We are mindful this evaluation looked at a small “fractal” or microcosm of a dynamic system with many moving parts—as Pendleton-Jullian and Seely Brown (2018) [16] said, “impact requires achieving resonance between new things made, new actions taken, and the contexts in which these new things and actions reside—contexts that don’t stand still.” Given the pandemic amid this process, the contexts in which these individuals work was definitely fluid and COVID-19 created urgency about solving persistent immunization issues such as cold chain and hesitancy while also increasing willingness to try digital learning approaches. Despite the difficult context, this small slice of activity promoted a surprising level of learning in a brief time.

The learning sciences have sought but seldom found the level of evidence-based practice that distinguishes health research since the sheer complexity of potentially influencing and intervening variables has confounded causal studies. Yet studies such as this one can offer best practices and practical wisdom where there is no script for what to do. Complexity theorist Alicia Juarrero notes that to learn something new, we need to restructure the “space of possibility.” The ITCH sessions are such a space of possibility [17] [18].

Availability of data and materials

Data are available from the corresponding author upon reasonable request at


  1. Nicol E, Turawa E, Bonsu G. Pre- and in-service training of health care workers on immunization data management in LMICs: a scoping review. Hum Resour Health. 2019;17:92.

    Article  PubMed  PubMed Central  Google Scholar 

  2. Shen AK, Fields R, McQuestion M. The future of routine immunization in the developing world: challenges and opportunities. Glob Health Sci Pract. 2014;2:381–94.

    Article  PubMed  PubMed Central  Google Scholar 

  3. Engelbrecht W, Ankiewicz P, De Swardt E. An industry-sponsored, school-focused model for continuing professional development of technology teachers. S Afr J Educ. 2007;27:579–96.

    Google Scholar 

  4. Dichaba MM, Mokhele ML. Does the cascade model work for teacher training? analysis of teachers’ experiences. Int J Educ Sci. 2012;4:249–54.

    Article  Google Scholar 

  5. Rowe AK, de Savigny D, Lanata CF, Victora CG. How can we achieve and maintain high-quality performance of health workers in low-resource settings? Lancet. 2005;366:1026–35.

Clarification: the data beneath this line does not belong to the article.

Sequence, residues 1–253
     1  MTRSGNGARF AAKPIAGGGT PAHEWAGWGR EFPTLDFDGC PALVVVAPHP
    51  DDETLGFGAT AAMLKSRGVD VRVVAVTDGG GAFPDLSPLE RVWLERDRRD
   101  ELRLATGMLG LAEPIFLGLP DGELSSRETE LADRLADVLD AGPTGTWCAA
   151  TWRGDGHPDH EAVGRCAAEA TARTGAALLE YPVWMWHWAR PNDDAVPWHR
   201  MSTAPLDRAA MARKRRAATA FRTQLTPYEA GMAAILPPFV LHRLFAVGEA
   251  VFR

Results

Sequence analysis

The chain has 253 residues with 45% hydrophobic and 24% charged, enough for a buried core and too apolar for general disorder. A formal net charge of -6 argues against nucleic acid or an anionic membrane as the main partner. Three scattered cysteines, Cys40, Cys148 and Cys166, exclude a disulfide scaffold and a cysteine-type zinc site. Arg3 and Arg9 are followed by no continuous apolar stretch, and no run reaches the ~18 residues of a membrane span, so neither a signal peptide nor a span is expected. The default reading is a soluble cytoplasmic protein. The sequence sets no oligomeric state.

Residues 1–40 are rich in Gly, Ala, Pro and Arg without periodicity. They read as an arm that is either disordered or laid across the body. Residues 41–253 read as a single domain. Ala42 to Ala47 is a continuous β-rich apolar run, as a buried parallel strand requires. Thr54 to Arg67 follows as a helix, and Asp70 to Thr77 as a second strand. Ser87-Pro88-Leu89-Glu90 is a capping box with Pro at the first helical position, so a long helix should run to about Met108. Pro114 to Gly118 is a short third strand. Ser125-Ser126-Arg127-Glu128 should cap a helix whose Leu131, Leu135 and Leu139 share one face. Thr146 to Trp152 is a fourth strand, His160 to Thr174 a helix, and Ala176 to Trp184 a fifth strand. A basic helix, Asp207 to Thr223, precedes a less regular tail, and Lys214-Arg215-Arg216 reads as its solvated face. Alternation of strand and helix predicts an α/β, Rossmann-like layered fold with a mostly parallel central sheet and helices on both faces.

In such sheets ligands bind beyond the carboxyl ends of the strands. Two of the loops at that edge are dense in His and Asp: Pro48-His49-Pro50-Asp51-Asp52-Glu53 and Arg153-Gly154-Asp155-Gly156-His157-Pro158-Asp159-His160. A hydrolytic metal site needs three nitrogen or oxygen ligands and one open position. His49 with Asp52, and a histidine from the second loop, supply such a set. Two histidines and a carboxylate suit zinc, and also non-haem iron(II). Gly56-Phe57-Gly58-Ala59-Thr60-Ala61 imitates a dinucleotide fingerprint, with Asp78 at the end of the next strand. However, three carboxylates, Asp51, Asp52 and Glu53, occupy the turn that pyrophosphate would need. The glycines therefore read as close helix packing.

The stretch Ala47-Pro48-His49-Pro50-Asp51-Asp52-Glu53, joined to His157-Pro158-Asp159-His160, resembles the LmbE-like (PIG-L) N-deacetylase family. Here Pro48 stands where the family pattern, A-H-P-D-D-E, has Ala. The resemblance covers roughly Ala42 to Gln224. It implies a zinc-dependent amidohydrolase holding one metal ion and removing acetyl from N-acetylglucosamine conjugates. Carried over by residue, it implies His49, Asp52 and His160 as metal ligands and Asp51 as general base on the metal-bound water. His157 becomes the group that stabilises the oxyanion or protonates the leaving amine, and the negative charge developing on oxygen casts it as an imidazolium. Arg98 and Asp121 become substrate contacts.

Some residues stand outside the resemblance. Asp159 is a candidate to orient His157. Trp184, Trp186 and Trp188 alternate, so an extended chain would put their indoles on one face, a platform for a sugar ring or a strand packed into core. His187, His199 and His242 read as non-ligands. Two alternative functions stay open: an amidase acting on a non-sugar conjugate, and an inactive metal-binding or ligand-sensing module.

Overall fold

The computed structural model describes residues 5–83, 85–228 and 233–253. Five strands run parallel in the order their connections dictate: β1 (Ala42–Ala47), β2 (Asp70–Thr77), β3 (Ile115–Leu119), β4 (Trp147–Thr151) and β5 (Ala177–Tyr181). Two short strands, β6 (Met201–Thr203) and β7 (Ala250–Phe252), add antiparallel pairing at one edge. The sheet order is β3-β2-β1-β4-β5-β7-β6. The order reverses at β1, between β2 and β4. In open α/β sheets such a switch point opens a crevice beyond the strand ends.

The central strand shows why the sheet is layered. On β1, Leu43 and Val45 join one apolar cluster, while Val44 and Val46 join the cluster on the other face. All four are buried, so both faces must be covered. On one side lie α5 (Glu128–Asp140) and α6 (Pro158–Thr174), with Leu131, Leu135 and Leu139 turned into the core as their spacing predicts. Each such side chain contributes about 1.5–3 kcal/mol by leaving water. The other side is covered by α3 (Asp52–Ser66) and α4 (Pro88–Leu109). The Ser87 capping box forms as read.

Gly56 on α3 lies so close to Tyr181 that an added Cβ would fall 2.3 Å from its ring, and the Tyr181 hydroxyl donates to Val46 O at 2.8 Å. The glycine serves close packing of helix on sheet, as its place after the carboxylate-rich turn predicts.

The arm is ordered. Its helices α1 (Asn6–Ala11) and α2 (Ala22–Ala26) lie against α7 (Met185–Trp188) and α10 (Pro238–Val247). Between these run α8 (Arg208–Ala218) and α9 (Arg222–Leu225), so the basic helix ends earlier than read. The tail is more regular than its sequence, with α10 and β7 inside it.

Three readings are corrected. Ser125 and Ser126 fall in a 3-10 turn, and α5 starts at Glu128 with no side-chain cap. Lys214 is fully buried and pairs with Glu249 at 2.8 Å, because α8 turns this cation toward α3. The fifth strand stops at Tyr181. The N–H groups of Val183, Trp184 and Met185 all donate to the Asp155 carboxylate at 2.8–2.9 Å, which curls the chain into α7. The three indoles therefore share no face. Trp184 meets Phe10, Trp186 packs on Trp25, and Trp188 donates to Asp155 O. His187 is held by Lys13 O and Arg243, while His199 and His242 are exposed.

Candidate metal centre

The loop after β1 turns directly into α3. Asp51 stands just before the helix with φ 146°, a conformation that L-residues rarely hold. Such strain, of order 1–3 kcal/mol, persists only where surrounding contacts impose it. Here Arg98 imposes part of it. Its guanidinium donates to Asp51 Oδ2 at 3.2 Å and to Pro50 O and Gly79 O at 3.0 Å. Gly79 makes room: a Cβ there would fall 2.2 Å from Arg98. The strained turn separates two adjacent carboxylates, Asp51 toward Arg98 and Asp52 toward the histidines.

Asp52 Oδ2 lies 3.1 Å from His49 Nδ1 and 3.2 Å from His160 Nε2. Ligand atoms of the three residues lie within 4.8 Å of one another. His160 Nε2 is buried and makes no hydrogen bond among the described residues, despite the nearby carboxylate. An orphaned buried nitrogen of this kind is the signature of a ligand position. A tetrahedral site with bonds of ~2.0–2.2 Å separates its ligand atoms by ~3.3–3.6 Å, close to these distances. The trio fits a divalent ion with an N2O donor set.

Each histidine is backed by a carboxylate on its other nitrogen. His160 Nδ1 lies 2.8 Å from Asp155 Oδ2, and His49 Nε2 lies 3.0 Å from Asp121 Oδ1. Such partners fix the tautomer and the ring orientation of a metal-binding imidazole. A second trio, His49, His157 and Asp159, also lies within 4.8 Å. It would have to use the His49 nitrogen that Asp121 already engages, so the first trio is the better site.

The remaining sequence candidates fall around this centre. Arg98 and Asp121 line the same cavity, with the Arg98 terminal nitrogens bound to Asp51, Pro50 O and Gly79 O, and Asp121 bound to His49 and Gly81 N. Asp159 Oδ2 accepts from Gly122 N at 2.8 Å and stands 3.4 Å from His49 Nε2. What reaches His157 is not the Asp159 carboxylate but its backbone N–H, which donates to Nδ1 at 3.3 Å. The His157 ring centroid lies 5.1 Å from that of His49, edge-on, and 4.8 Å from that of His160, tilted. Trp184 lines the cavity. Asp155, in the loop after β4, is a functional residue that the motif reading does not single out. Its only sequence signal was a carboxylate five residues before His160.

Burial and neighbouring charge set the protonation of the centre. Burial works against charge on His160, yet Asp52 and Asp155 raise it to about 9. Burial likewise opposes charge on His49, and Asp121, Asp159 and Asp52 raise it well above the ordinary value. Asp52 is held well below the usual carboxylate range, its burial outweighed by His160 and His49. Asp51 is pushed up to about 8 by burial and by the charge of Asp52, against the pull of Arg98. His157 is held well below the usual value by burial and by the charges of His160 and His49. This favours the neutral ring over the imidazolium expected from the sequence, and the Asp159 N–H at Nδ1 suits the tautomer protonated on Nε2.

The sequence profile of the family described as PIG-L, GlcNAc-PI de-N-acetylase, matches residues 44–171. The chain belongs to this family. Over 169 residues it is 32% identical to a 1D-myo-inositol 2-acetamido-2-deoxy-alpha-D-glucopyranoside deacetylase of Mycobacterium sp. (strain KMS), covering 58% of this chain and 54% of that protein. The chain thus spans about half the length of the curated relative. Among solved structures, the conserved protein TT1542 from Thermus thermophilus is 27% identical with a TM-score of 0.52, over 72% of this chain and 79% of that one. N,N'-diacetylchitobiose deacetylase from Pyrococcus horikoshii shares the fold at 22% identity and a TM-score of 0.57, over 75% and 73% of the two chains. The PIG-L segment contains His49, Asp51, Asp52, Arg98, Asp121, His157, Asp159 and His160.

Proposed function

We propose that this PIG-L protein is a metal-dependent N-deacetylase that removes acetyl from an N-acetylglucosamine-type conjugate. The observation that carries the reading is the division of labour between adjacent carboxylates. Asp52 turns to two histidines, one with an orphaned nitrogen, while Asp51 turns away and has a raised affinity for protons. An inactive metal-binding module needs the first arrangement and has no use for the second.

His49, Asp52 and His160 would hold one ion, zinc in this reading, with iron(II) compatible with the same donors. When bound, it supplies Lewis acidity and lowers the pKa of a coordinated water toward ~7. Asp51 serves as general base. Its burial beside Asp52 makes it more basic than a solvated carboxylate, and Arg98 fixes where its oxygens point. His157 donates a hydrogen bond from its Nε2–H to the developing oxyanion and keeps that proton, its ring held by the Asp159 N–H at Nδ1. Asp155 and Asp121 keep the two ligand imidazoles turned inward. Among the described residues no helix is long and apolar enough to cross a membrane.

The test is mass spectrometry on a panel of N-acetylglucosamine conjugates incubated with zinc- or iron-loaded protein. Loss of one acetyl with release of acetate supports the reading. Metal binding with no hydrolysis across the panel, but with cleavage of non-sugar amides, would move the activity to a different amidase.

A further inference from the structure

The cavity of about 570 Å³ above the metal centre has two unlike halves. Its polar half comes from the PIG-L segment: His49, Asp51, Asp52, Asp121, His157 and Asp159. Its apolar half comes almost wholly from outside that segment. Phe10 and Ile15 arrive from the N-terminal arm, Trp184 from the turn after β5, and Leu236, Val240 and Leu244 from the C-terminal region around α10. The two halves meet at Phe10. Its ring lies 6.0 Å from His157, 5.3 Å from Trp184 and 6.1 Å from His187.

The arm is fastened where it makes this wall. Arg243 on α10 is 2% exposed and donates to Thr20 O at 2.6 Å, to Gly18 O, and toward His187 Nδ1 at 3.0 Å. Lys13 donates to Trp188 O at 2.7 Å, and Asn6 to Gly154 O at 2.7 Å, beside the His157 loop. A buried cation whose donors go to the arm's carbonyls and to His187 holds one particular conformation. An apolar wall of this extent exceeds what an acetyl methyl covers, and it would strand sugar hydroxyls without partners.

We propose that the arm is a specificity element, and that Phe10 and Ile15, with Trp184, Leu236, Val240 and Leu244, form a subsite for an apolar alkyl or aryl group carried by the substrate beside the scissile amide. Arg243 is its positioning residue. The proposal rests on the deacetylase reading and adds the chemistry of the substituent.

Article  PubMed  Google Scholar 

  6. Miles MB, Huberman AM, Saldaña J. Qualitative data analysis: A methods sourcebook. Thousand Oaks: Sage publications; 2018.

  7. Patton MQ. Developmental evaluation: Applying complexity concepts to enhance innovation and use. New York: Guilford press; 2010.

  8. Newton-Lewis T, Nanda P. Problematic problem diagnostics: why digital health interventions for community health workers do not always achieve their desired impact. BMJ Glob Health. 2021;6(Suppl):5.

    Article  Google Scholar 

  9. O’Sullivan RG. Collaborative evaluation within a framework of stakeholder-oriented evaluation approaches. Eval Program Plann. 2012;35:518–22.

    Article  PubMed  Google Scholar 

  10. O’Neil J, Watkins KE, Marsick VJ. Action learning and the learning organization: building learning capacity in individuals, groups and organizations. In: Dilworth RL, Boshyk Y, editors. Action learning and its applications. London: Palgrave Macmillan UK; 2010. p. 154–65.

  11. Levine S, McLuhan M. Understanding media: the extensions of man. Am Q. 1964;16:646.

    Article  Google Scholar 

  12. Accessed 28 May 2021.

  13. Accessed 30 Apr 2021.

  14. Friedman RA, Podolny J. Differentiation of boundary spanning roles: labor negotiations and implications for role conflict. Adm Sci Q. 1992;37:28.

    Article  Google Scholar 

  15. Weerts DJ, Sandmann LR. Community Engagement and Boundary-Spanning Roles at Research Universities. J Higher Educ. 2010;81:632–57.

    Article  Google Scholar 

  16. Pendleton-Jullian AM, Brown JS. Design unbound: designing for emergence in a white water world. The Cambridge: MIT Press; 2018.

  17. Reda Sadki. A round table for Immunization Agenda 2030: The leap from “bottom-up” consultation to multidimensional dialogue. 2021. Accessed 7 May 2021.

  18. UGA Mary Frances Early College of Education. Learning Through Complexity (4:00pm). YouTube. 2021. Accessed 18 Feb 2022.

Download references